Catfaces: Totems of Georgia's Turpentiners

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Catfaces: Totems of Georgia's Turpentiners

Post by edfrank » Fri Jun 11, 2010 2:28 pm

Catfaces: Totems of Georgia's Turpentiners

The turpentine industry was central to life in south Georgia for a hundred years. The work and the profits are gone now, but George Music, Jr. of Waycross is determined to maintain the face of his occupational legacy.

By Tim Prizer (Tim Prizer is a folklorist and doctoral student in anthropology at the University of North Carolina, Chapel Hill.) ... 06/10/2788
Wikipedia - The labor of turpentining was done mainly by African-American workers on camps throughout northern Florida and southern Georgia. There were many family-owned operations like the Musics' farm as well.
One such drive is George Music Road on the outskirts of Waycross, Georgia. A chute of dirt and sand, it leads into what feels like an infinite pine forest. At the end of the road – and at the center of this forest – sits the century-old home to three generations of turpentiners in the Music family. Close by is the mobile home of 50-year-old George Music, Jr., the only remaining member of the Music family to have worked in the turpentine woods. These woods and the old home are Music’s birthplace. He has spent nearly his entire life right here, listening to the sounds of nature and of work echo from deep inside the body of the forest.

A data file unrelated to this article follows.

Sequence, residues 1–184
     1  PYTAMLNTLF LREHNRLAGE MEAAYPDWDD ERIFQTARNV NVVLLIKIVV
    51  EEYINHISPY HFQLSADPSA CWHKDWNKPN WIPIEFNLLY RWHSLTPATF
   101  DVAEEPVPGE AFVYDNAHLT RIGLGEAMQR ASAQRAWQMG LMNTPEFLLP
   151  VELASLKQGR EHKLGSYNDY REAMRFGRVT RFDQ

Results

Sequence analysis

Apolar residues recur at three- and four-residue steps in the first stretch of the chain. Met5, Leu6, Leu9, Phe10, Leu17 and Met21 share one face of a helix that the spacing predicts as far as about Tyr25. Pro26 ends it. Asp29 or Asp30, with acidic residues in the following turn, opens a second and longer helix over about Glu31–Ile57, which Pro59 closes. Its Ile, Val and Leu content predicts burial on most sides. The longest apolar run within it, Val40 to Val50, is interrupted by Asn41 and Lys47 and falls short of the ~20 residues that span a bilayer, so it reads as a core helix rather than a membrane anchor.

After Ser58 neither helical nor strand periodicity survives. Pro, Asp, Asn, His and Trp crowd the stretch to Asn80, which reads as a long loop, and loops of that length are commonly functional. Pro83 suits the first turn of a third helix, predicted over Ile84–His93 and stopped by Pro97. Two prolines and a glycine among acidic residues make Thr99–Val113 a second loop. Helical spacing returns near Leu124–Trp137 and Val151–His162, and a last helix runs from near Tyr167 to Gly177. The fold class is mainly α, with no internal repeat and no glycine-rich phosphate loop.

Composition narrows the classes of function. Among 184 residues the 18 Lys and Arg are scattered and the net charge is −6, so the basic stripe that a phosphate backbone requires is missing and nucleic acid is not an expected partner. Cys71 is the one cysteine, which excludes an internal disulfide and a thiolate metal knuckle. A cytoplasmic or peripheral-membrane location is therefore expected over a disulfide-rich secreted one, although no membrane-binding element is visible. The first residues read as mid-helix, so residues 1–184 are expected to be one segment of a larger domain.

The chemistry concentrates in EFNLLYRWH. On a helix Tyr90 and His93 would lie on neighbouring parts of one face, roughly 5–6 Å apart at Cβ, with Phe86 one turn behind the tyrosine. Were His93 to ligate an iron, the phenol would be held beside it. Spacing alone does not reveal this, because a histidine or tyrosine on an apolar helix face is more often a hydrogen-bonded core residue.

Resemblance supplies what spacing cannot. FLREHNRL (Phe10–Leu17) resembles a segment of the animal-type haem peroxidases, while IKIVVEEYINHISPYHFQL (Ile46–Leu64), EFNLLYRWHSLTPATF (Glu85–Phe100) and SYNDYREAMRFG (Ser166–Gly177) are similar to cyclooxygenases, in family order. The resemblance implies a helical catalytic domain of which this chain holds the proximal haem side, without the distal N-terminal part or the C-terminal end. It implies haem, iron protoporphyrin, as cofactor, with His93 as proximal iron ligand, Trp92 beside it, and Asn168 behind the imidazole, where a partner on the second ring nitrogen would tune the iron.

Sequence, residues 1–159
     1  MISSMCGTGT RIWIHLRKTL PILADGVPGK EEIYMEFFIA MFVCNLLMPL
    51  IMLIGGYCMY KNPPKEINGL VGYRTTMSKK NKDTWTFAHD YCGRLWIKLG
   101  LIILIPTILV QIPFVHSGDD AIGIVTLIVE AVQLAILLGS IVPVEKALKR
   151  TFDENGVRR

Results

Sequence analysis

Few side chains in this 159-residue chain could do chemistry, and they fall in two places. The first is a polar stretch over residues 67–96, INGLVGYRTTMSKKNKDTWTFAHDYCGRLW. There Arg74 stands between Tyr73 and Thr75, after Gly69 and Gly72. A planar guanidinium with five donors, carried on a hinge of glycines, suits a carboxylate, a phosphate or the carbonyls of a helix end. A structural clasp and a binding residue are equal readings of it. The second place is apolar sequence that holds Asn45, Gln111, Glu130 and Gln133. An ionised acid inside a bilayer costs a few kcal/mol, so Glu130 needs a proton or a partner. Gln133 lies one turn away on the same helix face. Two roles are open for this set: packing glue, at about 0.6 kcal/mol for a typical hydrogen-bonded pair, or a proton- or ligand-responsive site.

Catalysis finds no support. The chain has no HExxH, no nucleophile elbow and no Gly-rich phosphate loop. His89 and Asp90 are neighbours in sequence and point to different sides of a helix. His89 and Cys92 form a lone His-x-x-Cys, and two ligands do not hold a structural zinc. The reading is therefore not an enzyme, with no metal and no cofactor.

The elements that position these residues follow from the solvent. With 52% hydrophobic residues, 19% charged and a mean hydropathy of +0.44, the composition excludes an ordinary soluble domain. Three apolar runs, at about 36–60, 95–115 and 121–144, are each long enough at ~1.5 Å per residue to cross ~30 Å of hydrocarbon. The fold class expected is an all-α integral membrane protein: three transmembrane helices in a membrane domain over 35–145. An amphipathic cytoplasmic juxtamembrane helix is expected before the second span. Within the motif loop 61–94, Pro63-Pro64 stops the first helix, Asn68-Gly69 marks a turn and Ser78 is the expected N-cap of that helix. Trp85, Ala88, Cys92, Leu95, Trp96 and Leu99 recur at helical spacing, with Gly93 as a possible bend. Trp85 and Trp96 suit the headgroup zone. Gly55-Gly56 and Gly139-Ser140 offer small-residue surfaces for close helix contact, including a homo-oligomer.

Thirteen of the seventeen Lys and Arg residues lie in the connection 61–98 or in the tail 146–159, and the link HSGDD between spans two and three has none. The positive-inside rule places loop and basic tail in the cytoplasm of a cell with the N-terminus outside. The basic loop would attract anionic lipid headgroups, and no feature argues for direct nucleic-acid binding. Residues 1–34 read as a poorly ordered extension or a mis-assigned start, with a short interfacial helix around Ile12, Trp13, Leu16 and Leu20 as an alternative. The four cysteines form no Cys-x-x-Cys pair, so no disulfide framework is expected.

Read the rest of this article here: ... 06/10/2788
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